Many people were predicting a change election in Delta this year, and in some respects, that’s exactly what happened Saturday night (Oct. 20).
“I couldn’t call this one,” former mayor Lois Jackson said about the election. “Usually, after all these years you have a pretty good feeling, but this was a real contest.”
This year more than 43.3 per cent of registered voters in Delta went to the polls — a number only beaten in the last 25 years by the 2002 election, which saw a 44.6 per cent turnout.
The race was tight for the beginning between former city manager George Harvie and former police chief Jim Cessford, with Cessford only trailing by three percentage points at times. But ultimately it was Harvie’s Achieving for Delta slate swept the council elections, and took three out of the seven trustee seats.
Harvie can give credit to his North Delta voters, who gave him above 40 per cent of the vote in all North Delta polling stations. Brooke Elementary voters favoured Harvie the most, giving him 52.5 per cent of the vote. Even Jarvis Elementary, which saw the lowest percentage of votes for Harvie, still gave him 40.8 per cent.
Harvie had been courting North Delta voters during the campaign period, making several election promises with a specifically North Delta focus.
But it’s possible Harvie could also give thanks to Jackson, who ran with his slate as a councillor this year. Historically, Jackson has had strong support from North Delta residents — 56 per cent of her vote for mayor came from North Delta in 2011 — and that did not change in this election.
Jackson is stepping back into the role of councillor, after nearly 20 years in the mayor’s chair. She saw continued support from North Delta voters in this election, getting an average of 10.5 per cent of the vote in all North Delta polling stations.
“I’m excited, I really am,” Jackson said about returning to her role as councillor. “It really is a different role, and working with some new people that are coming on is going to be a real pleasure. And of course George, having been a city manager, it’s a new role for him, so I’m very happy to work along with George.”
Of the five remaining council seats, three were taken by other Achieving for Delta slate-mates: entrepreneur and farmer Alicia Guichon, former fire chief Dan Copeland and millennial representative Dylan Kruger.
“Learning the ropes will be huge, getting acquainted with the files. It’s going to be a fun couple of weeks as we do that,” Kruger said during Harvie’s post-election celebration at Tsawwassen Springs Saturday.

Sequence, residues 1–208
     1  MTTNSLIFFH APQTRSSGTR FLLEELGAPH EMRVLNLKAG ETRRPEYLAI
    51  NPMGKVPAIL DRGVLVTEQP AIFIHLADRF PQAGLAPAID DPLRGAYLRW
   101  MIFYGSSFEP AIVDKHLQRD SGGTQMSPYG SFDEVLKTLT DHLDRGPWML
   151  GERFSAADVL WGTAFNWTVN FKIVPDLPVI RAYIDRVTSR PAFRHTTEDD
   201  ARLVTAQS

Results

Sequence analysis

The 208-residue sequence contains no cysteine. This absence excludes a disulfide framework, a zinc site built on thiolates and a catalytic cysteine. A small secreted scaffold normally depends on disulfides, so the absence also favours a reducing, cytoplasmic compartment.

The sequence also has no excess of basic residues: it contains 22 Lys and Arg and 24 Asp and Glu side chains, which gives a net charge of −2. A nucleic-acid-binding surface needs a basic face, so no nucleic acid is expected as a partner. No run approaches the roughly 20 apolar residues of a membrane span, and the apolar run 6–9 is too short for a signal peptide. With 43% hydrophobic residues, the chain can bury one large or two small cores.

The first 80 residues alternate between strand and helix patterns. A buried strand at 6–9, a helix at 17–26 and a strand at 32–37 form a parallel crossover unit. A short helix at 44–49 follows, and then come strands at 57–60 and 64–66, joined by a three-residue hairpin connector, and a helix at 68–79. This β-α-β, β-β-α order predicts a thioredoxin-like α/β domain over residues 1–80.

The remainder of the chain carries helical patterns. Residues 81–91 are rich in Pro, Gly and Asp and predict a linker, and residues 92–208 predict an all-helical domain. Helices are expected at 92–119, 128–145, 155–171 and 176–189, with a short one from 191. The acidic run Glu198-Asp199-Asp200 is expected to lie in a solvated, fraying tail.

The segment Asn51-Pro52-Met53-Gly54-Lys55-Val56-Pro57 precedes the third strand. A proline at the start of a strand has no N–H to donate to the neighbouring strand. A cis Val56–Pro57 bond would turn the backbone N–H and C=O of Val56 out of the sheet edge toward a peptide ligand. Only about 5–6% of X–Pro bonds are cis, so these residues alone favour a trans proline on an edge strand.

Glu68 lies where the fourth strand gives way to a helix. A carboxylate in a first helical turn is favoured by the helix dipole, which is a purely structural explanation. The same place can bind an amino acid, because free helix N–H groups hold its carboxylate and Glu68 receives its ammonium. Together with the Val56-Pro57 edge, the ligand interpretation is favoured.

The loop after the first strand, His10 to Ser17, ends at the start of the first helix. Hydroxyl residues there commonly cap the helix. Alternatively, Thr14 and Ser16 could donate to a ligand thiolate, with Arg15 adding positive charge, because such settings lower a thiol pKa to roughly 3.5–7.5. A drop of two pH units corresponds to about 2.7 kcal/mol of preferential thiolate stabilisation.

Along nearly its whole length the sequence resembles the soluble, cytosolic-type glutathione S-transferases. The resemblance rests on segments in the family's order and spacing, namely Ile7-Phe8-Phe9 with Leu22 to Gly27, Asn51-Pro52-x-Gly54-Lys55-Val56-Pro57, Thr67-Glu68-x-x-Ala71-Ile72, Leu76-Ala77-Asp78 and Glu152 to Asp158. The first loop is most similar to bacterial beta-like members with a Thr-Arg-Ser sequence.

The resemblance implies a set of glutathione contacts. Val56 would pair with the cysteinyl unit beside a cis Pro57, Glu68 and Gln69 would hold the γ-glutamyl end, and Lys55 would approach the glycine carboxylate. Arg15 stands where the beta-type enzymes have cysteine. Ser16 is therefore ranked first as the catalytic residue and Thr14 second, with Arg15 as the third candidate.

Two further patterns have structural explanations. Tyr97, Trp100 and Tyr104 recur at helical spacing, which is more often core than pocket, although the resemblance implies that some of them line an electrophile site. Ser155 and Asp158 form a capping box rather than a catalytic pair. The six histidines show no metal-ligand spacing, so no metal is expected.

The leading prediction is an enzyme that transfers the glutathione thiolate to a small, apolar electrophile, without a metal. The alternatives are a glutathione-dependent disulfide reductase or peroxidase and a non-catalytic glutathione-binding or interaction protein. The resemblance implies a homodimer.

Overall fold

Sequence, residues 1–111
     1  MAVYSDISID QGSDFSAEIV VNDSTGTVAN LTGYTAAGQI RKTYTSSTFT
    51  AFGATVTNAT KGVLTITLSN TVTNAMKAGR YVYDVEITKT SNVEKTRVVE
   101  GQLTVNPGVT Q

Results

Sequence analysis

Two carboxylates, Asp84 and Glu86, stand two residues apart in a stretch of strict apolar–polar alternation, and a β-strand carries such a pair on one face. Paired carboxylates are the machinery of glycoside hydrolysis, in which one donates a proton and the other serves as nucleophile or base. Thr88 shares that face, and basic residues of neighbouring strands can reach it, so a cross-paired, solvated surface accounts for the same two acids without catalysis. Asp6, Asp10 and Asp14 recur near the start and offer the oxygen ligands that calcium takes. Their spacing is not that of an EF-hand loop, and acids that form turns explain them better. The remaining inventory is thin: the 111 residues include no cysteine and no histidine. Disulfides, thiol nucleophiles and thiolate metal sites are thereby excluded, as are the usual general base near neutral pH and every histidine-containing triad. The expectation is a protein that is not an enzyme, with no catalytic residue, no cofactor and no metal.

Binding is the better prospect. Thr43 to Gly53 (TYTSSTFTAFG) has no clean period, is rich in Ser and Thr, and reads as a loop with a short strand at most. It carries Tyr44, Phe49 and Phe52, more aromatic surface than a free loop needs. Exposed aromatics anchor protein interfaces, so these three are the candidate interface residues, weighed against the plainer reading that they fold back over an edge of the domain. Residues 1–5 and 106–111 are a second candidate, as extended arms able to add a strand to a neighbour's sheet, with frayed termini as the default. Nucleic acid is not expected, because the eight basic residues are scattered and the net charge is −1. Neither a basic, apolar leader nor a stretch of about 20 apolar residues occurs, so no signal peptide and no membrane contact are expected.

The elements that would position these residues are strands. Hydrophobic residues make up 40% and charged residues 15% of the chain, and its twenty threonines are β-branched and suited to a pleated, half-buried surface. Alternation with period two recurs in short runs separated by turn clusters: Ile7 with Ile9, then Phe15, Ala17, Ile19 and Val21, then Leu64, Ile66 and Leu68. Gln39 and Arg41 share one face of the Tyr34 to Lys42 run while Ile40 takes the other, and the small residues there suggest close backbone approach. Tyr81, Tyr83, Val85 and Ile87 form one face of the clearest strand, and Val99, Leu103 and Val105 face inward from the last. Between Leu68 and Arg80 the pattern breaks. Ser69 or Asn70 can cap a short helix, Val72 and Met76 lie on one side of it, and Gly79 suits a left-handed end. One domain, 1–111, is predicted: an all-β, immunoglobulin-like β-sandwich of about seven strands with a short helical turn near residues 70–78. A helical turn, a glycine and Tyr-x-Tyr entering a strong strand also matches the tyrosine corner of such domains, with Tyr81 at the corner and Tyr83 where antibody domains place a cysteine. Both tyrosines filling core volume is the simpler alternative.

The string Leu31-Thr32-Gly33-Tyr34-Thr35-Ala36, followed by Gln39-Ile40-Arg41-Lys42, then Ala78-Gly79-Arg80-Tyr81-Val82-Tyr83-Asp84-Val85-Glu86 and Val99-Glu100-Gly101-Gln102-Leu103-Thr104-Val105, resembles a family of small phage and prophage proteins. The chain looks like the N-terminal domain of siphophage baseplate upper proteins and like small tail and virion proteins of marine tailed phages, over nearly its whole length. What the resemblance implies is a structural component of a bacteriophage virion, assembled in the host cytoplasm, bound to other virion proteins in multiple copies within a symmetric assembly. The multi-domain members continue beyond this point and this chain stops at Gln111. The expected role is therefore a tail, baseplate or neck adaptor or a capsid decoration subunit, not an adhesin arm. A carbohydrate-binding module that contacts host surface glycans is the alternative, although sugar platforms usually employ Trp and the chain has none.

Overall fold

“As George said earlier tonight, we’re celebrating tonight, but we’re going to get to work on Monday.”
The other two remaining seats were taken by incumbents Jeannie Kanakos and Bruce McDonald. They had run under former police chief Jim Cessford with the Independents Working for You slate.
“We would have liked to have won,” Cessford said about his entire team of eight. “We had a really, really good team. But the people have spoken and they have picked the people that they would like to lead them for the next four years.”
Incumbent councillor Robert Campbell, running with fellow councillor Sylvia Bishop’s Team Delta, didn’t make it back to the council table, with 5.3 per cent of the vote.
The new council reflects Delta’s largely white, English-speaking community — however, several council candidates came from different ethnic backgrounds. They just didn’t get elected.
North Delta was the only place in Delta that saw South Asian candidates in their top six council choices. Achieving for Delta’s Param Grewal was in the top six for eight of the 13 polling stations in North Delta (including the advanced poll), while Team Delta’s Simran Walia made the top six three times. Independents Working for You candidate Sandeep Pandher made the top six only once.
Although Achieving for Delta’s sweep of the council chambers is notable, perhaps the most change can be expected from the incoming Delta school board, which includes three of the slate’s four candidates: Erica Beard, Daniel Boisvert and Jessie Dosanjh.
“I think, with the slate that got on here [Achieving for Delta] that they’ll be able to maybe provide a more traditional bent to Delta that maybe hasn’t been there for a few years,” incumbent trustee Dale Saip said. Saip did not get re-elected to the Delta school board, after serving on it since 1987.
“School districts have gotten into the habit of being embroiled in provincial issues,” he explained. “Local decisions make for us to have better schools.”
Saip also noted that this election saw more slates than usual during the campaign period, as well as well-organized campaigns “that obviously carried a lot of weight in North Delta.” (Saip was decidedly low on North Delta’s list of preferred trustees.)
Many incumbent trustee candidates did make their way back onto school board, including one independent candidate. Those people were Laura Dixon, Nick Kanakos, Val Windsor and Bruce Reid returning to the board table. Rhiannon Bennett, like Saip, did not make it back on the board.
“Typically, the incumbents, if there isn’t a big issue in the election — like there hasn’t been a major job action recently, or bargaining issues,” Dixon said Saturday (Oct. 20). “So it is interesting to see that there is more change through this election than perhaps would have been anticipated.”
However, Dixon added, “it was a good campaign. I was impressed overall with the calibre of trustees, so I think we will have to incorporate their good ideas as we move forward and do some good work together as a board.”
The official results will be declared by Oct. 24.
The first meeting of Delta’s new council will be on Nov. 5, according to the city’s council calendar. The past council is expected to meet one more time on Oct. 29. The first meeting of Delta’s new school board will be on Nov. 6.